What to do about my husband with Alzheimer's having hallucinations about people in house daily for last 3 weeks?

Follow
Share

He is becoming harder to deal with, irritated with me most of time, unhappy and unable to read does not want to listen to audio books, or TV anymore.

This question has been closed for answers. Ask a New Question.
17

Answers

Show:
OMG!!!! My husband ALSO is seeing people in the house!!! Cannot believe I found this site that states EXACTLY what I am going through!!! It's frightening to me to hear his accounts of these "people". He was diagnosed with Alzheimers about a year ago, prescribed Aracet but refuses to take the medication. He is EXTREMELY paranoid!!! These "people in the house" started about 3 weeks ago and at first I just didn't pay much attention to it thinking it was just some part of his condition but harmless. It's become a daily event now and I'm hoping that it will continue to be harmless. My fear of it is that he may start thinking that I am doing "something".........anything with these people. Without doing anything to cause my husband to become jealous in any way, he has become jealous of phone calls, time I spend in church, etc. He is a big man (75 years old) and can be aggressive verbally. He refuses to go back to see his doctor and I have no idea how to help him through this stage.
Helpful Answer (0)
Report

He has been diagnosed as having Alzheimer's. I questioned LB, but they did not think so. He is on medication. The people he sees usually are not anyone known to him,. Once it was. These are disturbing, one time saying they were trying to kill us.
Melatonin helped before bedtime for a lot of the ones middle of the night. But the events during the day are different. He sees cars in our bedroom, or people in our bed. etc.
Helpful Answer (2)
Report

My mom would set the table for all those 'dinner guests' she was expecting. No use arguing! Had to take the knobs off the stove because she would find stuff to try to cook, which was a recipe for disaster.... I bought potato chips, cheap bread, and cheap cold cuts and persuaded her the 'dinner guests' could have sandwiches instead of spaghetti. So it was unused, set aside. I switched the food out before it went bad.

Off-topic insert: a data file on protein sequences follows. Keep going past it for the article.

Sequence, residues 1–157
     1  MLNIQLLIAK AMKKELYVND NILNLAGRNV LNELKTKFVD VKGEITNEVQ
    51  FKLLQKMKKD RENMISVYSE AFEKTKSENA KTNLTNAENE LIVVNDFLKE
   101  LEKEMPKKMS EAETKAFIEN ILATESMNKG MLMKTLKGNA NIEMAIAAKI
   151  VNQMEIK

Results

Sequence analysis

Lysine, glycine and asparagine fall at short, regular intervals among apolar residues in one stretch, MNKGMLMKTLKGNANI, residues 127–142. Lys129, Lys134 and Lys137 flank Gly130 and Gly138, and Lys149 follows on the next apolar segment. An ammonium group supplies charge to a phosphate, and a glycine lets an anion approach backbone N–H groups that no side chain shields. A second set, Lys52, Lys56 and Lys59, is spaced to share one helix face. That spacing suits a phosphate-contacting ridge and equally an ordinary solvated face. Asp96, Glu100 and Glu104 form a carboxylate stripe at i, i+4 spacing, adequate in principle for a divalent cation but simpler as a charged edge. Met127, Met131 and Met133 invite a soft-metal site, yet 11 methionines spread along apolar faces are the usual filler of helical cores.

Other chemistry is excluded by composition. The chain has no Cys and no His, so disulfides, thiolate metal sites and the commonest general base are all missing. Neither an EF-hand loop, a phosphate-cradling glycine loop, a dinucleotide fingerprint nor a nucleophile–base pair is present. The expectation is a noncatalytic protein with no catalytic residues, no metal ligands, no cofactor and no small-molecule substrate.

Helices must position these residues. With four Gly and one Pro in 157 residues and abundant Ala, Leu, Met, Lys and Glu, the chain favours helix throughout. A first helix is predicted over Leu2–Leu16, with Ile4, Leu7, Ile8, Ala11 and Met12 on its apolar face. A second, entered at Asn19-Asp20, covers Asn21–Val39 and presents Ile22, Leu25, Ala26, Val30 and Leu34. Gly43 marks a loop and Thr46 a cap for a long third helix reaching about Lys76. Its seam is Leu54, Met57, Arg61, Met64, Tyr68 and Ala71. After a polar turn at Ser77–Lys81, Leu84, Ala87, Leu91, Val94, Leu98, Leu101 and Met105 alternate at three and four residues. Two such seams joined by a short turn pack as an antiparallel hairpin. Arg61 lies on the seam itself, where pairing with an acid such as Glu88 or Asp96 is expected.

Helpful Answer (0)
Report

Jeanop, what are his hallucinations like? Are the people that he sees in the house hostile? Friendly? Does he recognize them or are they strangers? Is it distressing to him that they are there?

In Lewy Body Dementia hallucinations often occur very early in the disease -- they may actually be the first symptom. They are not a result of any medication -- typically they appear before any medication is started. My husband had LBD so I've had experience and lots of input from doctors and an LBD support group. (As I understand it, hallucinations in other types of dementia often come much later in the disease.)

The most consistent advice I got was it is not necessary to do ANYTHING if the hallucinations don't disturb the patient. Some of the things my husband "saw" would have disturbed me, but he took them in stride.

Generally it is best not to argue that the hallucinations are not real. They are very real to the person who has them! Try to go along with them in a reassuring way. This is obviously harder to do if the hallucination is terrifying than if it is benign. You aren't likely to say, "Yes, dear, the house is on fire. Now go back to sleep."

One woman in my support group had a husband who constantly saw little children in the house. His only distress about this was his concern for their welfare. At dinner he would say, "What about those kids in the living room? Aren't we going to feed them?" And she would say, "I gave them all snacks earlier, but their parents are coming for them soon and we shouldn't spoil their dinners at home." She went along with it and said reassuring things. (By the way, the husband was a minister and his wife had no qualms at all about "lying" to him in this therapeutic way.)

One night (at 3:00 am) my husband woke me up to tell me there were bats in the room.